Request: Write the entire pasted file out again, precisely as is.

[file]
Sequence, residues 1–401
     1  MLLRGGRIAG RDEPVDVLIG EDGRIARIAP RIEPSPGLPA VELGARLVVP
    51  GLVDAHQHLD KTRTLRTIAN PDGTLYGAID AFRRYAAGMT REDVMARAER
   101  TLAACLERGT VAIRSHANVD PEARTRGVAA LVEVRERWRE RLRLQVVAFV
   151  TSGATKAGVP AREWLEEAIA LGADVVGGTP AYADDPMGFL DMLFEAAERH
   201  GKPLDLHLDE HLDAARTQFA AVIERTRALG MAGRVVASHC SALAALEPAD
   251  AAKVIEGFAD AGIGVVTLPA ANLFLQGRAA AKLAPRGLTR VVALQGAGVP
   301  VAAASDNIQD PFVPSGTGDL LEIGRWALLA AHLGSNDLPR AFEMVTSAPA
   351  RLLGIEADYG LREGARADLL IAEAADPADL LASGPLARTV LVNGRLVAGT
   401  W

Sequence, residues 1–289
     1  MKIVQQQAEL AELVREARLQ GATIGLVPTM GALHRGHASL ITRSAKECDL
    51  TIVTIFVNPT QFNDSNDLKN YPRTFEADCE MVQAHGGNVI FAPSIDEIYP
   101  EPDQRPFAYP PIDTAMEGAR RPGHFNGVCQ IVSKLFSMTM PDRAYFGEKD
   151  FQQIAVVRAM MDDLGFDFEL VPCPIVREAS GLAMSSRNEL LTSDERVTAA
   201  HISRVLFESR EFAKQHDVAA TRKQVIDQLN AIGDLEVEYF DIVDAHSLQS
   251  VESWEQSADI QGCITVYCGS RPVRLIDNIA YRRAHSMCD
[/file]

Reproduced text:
Sequence, residues 1–401
     1  MLLRGGRIAG RDEPVDVLIG EDGRIARIAP RIEPSPGLPA VELGARLVVP
    51  GLVDAHQHLD KTRTLRTIAN PDGTLYGAID AFRRYAAGMT REDVMARAER
   101  TLAACLERGT VAIRSHANVD PEARTRGVAA LVEVRERWRE RLRLQVVAFV
   151  TSGATKAGVP AREWLEEAIA LGADVVGGTP AYADDPMGFL DMLFEAAERH
   201  GKPLDLHLDE HLDAARTQFA AVIERTRALG MAGRVVASHC SALAALEPAD
   251  AAKVIEGFAD AGIGVVTLPA ANLFLQGRAA AKLAPRGLTR VVALQGAGVP
   301  VAAASDNIQD PFVPSGTGDL LEIGRWALLA AHLGSNDLPR AFEMVTSAPA
   351  RLLGIEADYG LREGARADLL IAEAADPADL LASGPLARTV LVNGRLVAGT
   401  W

Sequence, residues 1–289
     1  MKIVQQQAEL AELVREARLQ GATIGLVPTM GALHRGHASL ITRSAKECDL
    51  TIVTIFVNPT QFNDSNDLKN YPRTFEADCE MVQAHGGNVI FAPSIDEIYP
   101  EPDQRPFAYP PIDTAMEGAR RPGHFNGVCQ IVSKLFSMTM PDRAYFGEKD
   151  FQQIAVVRAM MDDLGFDFEL VPCPIVREAS GLAMSSRNEL LTSDERVTAA
   201  HISRVLFESR EFAKQHDVAA TRKQVIDQLN AIGDLEVEYF DIVDAHSLQS
   251  VESWEQSADI QGCITVYCGS RPVRLIDNIA YRRAHSMCD